If the issue's on "Boston Legal," it's out there. This week's episode was focused on how BigPharma, government agencies, scientific journals and the docs are all in bed together. The suit made public also this week - "Biopure v. Natanson" - is a permutation of that theme.
In that suit in federal court, instead of attacking parties for being in bed together, Cambridge, Massachusetts Biopure Corporation, reports Sheri Qualters in THE NATIONAL LAW JOURNAL, attacks an author for a negative article. [Subscription required by clip available on Law.Com.]
Biopure contends that Charles Natanson of the National Institute of Health co-authored an article in the JOURNAL OF THE AMERICAN MEDICAL ASSOCIATION, published on April 28, 2008, which includes "defamation, trade libel and interference with prospective business advantage." The company manufactures the Hemopure blood substitute product, being sold in South Africa. It is awaiting regulatory approval in other areas.
The article is titled "Cell-Free Hemoglobin-Based Blood Substitutes and Risk of Myocardial Infraction and Death." Here is the abstract. The conclusion is this: "Based on the available data, use of HBBSs is associated with a significantly increased risk of death and MI." In addition, the suit claims that Natanson's letters to foreign health experts about Biopure's products also constitute defamation and trade libel. Biopure also contends that Natanson is in the process of seeking a patent and marketing a technology which reduces alleged negative side effects of HBBBs.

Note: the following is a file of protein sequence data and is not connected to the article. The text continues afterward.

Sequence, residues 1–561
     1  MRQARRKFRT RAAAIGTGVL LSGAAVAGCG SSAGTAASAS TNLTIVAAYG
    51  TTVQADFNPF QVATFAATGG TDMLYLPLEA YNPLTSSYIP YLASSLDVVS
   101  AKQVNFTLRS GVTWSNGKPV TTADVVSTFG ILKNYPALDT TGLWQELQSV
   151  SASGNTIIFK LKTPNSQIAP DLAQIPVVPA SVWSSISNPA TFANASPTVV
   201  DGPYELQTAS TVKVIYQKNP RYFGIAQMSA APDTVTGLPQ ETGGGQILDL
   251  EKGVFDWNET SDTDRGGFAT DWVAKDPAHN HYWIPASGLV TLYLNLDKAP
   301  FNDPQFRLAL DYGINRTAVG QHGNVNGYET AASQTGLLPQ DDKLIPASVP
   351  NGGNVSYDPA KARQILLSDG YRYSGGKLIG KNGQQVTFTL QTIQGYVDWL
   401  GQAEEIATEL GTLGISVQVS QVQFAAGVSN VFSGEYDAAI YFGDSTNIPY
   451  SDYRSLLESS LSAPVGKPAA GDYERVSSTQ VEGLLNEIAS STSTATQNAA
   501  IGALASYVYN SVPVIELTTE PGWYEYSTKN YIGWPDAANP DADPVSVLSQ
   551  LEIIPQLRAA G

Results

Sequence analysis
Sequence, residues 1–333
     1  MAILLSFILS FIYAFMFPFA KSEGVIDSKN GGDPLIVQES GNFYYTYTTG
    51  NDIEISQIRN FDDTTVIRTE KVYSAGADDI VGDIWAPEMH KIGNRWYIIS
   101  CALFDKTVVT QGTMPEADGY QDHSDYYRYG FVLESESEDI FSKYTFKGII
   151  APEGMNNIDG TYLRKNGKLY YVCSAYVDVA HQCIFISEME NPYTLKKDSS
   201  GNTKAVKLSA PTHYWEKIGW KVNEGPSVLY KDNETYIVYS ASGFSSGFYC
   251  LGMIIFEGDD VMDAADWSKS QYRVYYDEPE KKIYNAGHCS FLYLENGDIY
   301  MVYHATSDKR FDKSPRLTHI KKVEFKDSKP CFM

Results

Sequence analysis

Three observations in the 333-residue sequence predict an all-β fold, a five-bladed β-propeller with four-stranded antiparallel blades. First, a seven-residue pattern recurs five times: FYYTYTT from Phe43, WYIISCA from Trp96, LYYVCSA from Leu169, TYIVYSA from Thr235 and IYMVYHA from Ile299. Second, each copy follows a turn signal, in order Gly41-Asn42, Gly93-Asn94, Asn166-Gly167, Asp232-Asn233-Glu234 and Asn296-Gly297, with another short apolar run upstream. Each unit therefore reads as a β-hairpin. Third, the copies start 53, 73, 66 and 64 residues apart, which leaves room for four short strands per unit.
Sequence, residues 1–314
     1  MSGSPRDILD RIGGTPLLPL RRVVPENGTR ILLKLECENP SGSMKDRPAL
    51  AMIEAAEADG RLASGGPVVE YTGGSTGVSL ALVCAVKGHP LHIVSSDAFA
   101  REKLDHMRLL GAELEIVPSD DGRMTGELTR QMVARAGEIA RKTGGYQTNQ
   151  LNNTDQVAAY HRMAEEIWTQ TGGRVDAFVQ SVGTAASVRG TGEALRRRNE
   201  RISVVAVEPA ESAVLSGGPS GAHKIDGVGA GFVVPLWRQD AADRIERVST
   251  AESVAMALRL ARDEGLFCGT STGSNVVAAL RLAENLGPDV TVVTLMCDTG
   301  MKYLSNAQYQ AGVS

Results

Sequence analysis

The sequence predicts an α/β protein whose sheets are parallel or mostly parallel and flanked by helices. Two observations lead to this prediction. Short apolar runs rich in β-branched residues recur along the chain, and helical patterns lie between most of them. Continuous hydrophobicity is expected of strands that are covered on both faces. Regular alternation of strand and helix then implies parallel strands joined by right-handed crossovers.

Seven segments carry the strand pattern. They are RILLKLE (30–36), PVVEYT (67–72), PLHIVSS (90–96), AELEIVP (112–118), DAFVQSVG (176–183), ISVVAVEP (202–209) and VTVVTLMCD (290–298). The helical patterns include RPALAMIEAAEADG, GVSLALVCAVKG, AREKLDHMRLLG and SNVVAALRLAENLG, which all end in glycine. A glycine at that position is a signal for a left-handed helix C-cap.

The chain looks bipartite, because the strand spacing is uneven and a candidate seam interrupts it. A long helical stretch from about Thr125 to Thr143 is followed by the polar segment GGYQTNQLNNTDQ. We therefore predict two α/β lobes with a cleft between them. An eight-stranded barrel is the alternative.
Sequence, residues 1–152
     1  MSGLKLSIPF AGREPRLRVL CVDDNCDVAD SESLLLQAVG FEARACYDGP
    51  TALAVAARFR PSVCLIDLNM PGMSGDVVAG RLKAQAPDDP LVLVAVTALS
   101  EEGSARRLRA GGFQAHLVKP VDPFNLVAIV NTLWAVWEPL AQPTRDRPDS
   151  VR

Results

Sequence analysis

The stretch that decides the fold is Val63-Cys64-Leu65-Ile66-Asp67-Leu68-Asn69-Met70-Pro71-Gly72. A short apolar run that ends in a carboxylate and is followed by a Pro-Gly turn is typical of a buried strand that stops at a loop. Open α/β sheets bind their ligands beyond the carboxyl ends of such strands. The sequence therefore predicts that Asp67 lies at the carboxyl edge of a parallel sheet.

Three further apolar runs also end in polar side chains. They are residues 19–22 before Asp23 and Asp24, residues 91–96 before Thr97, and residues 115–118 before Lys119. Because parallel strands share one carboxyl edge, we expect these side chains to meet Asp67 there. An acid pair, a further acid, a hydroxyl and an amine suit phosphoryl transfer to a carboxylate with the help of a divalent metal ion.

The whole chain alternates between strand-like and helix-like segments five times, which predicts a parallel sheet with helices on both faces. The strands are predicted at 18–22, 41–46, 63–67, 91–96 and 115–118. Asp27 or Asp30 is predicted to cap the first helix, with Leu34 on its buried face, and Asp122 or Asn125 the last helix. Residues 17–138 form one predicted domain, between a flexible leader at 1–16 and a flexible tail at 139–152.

What Biopure seeks is a preliminary and permanent injunction against the defendant that would prevent him from making public "malicious, false, defamatory, and/or misleading statements concerning Biopure."
Of course this lawsuit throws a chill through the scientific community, which is already under fire for its research methods and publication of results in supposed peer-reviewed journals. Free speech could be on the chopping block. So could the ability of the scientific community to discuss in public controversial findings and issues.
Legal experts see the plaintiff as having rough sledding. Gag orders are tough to obtain except in extreme situations such as those involving national security. In the end, the consumer might suffer the most in not having diverse scientific opinion to review. Thanks to the Internet, more and more patients and clients go online to become an informed participant in choosing treatment options.